EXCITING £30m plans to create a state-of the art processing plant in the East Midlands could be the catalyst for a UK hemp revolution.
With licences for 1,700 acres of hemp cultivation in the UK entrepreneur Jamie Bartley, is one of the industry’s leading lights.
Now approaching a second harvest on 240 acres of cultivated crop at Yelvertoft, near Northampton, he mapped out his vision for hemp’s future.
The cornerstone of this includes a £30m processing plant capable of handling 5,000 acres of hemp every year – 25 tonnes a day – producing products for the energy and construction industries.
Hemp Is A Marvellous Plant
Mr Bartley, co-founder and Director of the Unyte Group, said: “We are at point we know the multiple technologies we need to go into the plant to make bio-ethanol, green hydrogen, insulation and bio-composites for the construction industry.
“Hemp is a marvellous plant with so many potential uses, but at this stage we are focusing on the products from which we can derive the best value and maximum decarbonisation.”
The processing plant will be sited at Theddingworth, Market Harborough, Leicestershire, The plant will be powered by the adjacent £50m, 10Mw Welland Waste, wood power plant.
Energy, Transport & Construction
It will consist of a number of production lines beginning with a £6m de-cortication hammer mill to refine the hemp straw.
He continued: “Once we have recovered the shiv from this process we will take the lignin out; this will be collected and used as a binder in the insulation products on another processing line.
“The remaining shiv biomass will be fermented for bio-ethanol and bio- methane. To be able to compete with the petrochemical plastic, rock wool insulation and OSB construction board industries we have to do this project at scale.
“Everyone wants a more sustainable option, but if it’s not cost viable people will only pay over the odds for so long. Ultimately we need to be in the market, and at the same price as the rest of the market.”
The UK currently has two privately-owned processing plants, both based in Yorkshire and capable of handling a combined total of four tonnes per day.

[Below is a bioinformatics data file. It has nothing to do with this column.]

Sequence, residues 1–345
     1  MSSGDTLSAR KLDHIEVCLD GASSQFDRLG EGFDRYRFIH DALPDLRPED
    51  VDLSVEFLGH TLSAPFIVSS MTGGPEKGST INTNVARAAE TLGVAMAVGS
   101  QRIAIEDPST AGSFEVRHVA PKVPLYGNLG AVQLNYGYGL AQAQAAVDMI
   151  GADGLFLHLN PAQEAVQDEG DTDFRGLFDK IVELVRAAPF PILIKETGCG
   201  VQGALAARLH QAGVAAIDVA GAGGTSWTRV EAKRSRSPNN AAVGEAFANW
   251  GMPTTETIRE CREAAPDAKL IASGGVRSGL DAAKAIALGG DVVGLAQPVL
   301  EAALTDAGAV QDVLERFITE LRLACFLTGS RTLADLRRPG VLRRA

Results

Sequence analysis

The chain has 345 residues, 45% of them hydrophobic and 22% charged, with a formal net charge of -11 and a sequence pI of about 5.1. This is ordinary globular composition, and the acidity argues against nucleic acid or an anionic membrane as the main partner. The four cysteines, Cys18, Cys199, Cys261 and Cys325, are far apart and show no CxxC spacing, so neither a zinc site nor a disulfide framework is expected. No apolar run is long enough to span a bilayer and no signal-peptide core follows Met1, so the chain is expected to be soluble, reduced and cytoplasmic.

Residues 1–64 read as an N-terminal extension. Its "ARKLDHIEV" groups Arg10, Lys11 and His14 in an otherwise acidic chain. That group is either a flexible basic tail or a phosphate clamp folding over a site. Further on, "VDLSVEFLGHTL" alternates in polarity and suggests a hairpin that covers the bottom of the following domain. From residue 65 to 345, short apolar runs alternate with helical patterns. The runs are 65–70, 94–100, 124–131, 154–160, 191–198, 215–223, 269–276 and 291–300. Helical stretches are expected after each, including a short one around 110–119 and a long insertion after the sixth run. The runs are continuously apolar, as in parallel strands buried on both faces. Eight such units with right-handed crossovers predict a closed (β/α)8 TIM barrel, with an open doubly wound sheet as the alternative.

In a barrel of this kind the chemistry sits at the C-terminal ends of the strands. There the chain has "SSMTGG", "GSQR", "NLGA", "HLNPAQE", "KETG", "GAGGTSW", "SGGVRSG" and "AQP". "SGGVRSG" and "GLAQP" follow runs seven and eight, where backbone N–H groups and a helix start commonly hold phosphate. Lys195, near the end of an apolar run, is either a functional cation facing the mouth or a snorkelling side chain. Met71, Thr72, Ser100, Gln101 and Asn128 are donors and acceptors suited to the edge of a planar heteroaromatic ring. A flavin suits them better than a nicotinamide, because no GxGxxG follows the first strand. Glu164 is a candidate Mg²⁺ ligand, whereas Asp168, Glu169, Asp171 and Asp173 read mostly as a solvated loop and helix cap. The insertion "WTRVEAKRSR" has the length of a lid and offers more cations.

So this is a major development for the long-neglected UK hemp industry and Mr Bartley says he has been approached by over 250 farmers looking to cultivate hemp for the project.
Unyte Secures Support of High Street Bank
Prior to the pandemic Unyte was talking to venture capital investors but these have now withdrawn, however, he does have the support of the Nat West Corporate and Commercial Bank.
“We must be the first UK cannabis-based business to secure the support of a High Street bank and this has been helped by the respected teams we have assembled such as Professor Mike Barnes and Hannah Deacon in our medical division.
“This is something the banks have not been historically keen on. But we have built the right models and the bank can see we’re in the right space, doing the right things,” he said.
Crop Almost Ready To Harvest
When we met Mr Bartley’s hemp crop was progressing and set fair for an autumn harvest.
This year’s crop will go in to aerobic digestion energy production, some will support its on-going trials with university researchers and some will be bailed until the processing plant is complete.
Looking further ahead, he foresees a great future for the industry. “Hemp is a great crop; it’s environmentally beneficial, improves following agricultural crop yields, strips out residual pesticides in the ground, breaks up soil compaction, therefore increasing attenuation capacity and suck ups 15 tonnes of carbon dioxide per hectare, during the growth cycle.”
“We’d also like to eventually harvest all of the hemp plant. In some countries they can undertake a tri-harvest which incorporates the seed and flower, the leaf and biomass for CBD, and the fibre and shiv for industrial purposes.”
@More on the marvels of the hemp plant and its potential to be at the forefront of the UK’s low-carbon future to come in BusinessCann over the next few days.